The 1998 novel Distraction by Bruce Sterling also features a riot by a flash mob in its opening pages, although the term is not used, and the flash mob riot is only a very peripheral element of the plot. Michael Bruce Sterling (born April 14, 1954) is an American science fiction author, best known for his novels and his seminal work on the Mirrorshades anthology, which defined the cyberpunk genre. ...


Use of the term

Webster's New Millennium Dictionary of English defines flash mob as “a group of people who organize on the Internet and then quickly assemble in a public place, do something bizarre, and disperse.”[5] This definition is consistent with the original use of the term; however, both news media and promoters have subsequently and incorrectly used the term to refer to any form of smart mob, including:

  • Political protests[7]
  • Collaborative bargaining techniques being practiced in China[10]
  • Promotional appearances by a pop musician[11]

The Silent Disco is a clubbing concept where dancers are provided with personal wireless headphones which can be tuned in to listen to a DJ. This type of disco earned its name because of the fact that an outsider walking in would see a tent full of people dancing, yet... Victoria station in London is a London Underground and National Rail station in the City of Westminster. ... This article is about the capital of England and the United Kingdom. ... A denial-of-service attack (also, DoS attack) is an attack on a computer system or network that causes a loss of service to users, typically the loss of network connectivity and services by consuming the bandwidth of the victim network or overloading the computational resources of the victim system. ... A supercomputer is a device for turning compute-bound problems into I/O-bound problems. ...

1800s usage

In 1800s Tasmania, the term "flash mob" was used to describe a subculture consisting of female prisoners, based on the term "flash language" for the jargon that these women used. The 1800s Australian term "flash mob" referred to a segment of society, not an event, and showed no other similarities to the modern term "flash mob" or the events it describes.[citation needed] Slogan or Nickname: The Apple Isle; Holiday Isle Motto(s): Ubertas et Fidelitas (Fertility and Faithfulness) Other Australian states and territories Capital Hobart Government Constitutional monarchy Governor William Cox Premier Paul Lennon (ALP) Federal representation  - House seats 5  - Senate seats 12 Gross State Product (2004-05)  - Product ($m)  $16,114...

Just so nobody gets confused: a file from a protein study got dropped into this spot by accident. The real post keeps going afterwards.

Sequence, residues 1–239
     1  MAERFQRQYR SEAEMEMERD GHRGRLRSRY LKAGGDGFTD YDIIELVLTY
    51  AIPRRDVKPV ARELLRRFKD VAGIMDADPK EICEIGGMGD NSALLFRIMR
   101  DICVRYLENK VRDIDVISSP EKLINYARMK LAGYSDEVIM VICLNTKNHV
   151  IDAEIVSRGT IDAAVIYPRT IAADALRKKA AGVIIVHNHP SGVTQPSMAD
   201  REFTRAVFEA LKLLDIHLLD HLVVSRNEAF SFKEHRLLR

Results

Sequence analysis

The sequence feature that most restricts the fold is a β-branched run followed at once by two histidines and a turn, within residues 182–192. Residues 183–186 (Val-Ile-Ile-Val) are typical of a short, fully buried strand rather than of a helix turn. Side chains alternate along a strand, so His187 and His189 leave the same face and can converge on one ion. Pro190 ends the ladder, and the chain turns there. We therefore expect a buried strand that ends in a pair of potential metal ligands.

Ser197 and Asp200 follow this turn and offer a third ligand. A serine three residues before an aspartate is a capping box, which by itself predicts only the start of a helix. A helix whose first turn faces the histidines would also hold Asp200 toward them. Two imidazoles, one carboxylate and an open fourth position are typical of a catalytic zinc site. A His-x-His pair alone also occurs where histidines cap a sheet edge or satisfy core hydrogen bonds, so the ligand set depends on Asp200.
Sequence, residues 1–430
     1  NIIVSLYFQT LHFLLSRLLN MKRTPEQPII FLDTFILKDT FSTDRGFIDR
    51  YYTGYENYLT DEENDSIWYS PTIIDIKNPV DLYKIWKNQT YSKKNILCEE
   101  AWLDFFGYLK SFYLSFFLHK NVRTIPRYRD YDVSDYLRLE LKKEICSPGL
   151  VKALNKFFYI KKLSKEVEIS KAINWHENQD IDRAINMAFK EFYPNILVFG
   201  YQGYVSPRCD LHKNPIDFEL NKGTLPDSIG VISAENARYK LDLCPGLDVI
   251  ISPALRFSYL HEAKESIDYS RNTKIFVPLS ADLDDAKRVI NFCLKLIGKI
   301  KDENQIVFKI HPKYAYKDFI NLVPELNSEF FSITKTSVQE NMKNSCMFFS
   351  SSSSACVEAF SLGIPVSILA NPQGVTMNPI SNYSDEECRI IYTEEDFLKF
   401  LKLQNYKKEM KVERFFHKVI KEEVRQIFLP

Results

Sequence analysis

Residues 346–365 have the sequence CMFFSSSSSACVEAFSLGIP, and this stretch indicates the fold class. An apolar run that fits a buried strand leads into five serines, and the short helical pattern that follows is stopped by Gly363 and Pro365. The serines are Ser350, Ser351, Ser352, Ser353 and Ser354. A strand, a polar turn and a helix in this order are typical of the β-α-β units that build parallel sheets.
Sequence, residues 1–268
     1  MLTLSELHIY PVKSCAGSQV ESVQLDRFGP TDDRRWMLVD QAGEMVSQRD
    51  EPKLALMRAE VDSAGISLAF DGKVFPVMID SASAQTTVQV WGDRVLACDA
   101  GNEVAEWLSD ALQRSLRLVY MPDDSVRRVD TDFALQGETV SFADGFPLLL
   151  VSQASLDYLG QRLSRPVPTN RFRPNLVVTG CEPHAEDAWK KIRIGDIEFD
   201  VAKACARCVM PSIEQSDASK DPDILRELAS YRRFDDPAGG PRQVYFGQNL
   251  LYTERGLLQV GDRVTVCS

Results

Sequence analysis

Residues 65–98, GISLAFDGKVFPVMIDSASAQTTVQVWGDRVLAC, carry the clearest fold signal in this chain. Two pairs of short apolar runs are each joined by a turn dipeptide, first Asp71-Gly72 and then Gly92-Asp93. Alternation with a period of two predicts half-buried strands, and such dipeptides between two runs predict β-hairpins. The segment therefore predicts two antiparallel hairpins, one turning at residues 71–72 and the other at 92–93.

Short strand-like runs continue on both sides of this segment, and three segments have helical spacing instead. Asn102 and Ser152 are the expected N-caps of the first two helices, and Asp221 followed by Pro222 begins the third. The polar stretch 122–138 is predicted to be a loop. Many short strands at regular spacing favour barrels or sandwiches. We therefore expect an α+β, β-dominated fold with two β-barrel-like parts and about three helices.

Usage and effects of flash mobs

Flash mobs started as pointless stunts, but the concept has already developed for the benefit of political and social agendas. Flash mobbing utilises the efficiency of communicating information on websites and by email, and protesters can similarly use the "on and off" concept to swarm political events. The Politics series Politics Portal This box:      Politics is the process by which groups of people make decisions. ... For other uses, see Society (disambiguation). ... A website (alternatively, Web site or web site) is a collection of Web pages, images, videos and other digital assets that is hosted on one or several Web server(s), usually accessible via the Internet, cell phone or a LAN. A Web page is a document, typically written in HTML... E-mail, or email, is short for electronic mail and is a method of composing, sending, and receiving messages over electronic communication systems. ...


Other notable flash mobs

China

Flash mob activity occurred in the capital Beijing and the government seems to tolerate it when there is no clear breach of the law involved.[12] “Peking” redirects here. ...


In April 2004 thousands of people took to Shanghai's streets, motivated by mass SMS. Nationalistically-themed messages including "Show your patriotism! Support China!! Protest against the lies of Japan!" were sent. Many emphasised peaceful behaviour. Police ensured that the protest, one of very few officially sanctioned in China in recent years, was orderly and arranged for bus transport to disperse protestors after a few Japanese cars and the windows at the Japanese embassy were attacked. The protests involved Japanese refusal to acknowledge alleged wrongs done to China by Japan during WWII.[citation needed]


Romania

In December 2004, in Bucharest, Romania, in front of the National Television building, approximately 70 people stuck duct tape on their mouths and performed a jogging session without leaving their places. It was a flash mob that many referred to as "Shut Your Mouth And Play Those Ankles," a Romanian saying which means "do as you are told, do not comment." The statement criticized limits to freedom of speech placed upon journalists on Televiziunea Română, the Romanian National Television. In conjunction with other events, this flash-mob prompted changes in the board of the National Television.[citation needed] Nickname: Motto: Patria si Dreptul Meu (My Country and My Right) Location of Bucharest within Romania (in red) Coordinates: , Country County Founded 1459 (first official mentioned) Government  - Mayor Adriean Videanu Area  - City 228 km²  (88 sq mi)  - Metro 238 km² (91. ... A piece of transparent duct tape, left, and of silver duct tape, right. ... Televiziunea Română (pronunciation: télévizju:nèa ro:mÄ«nÉ™), more commonly referred to as TVR (pronunciation: tévéré) is the national state-owned public service television broadcaster of Romania. ...


United Kingdom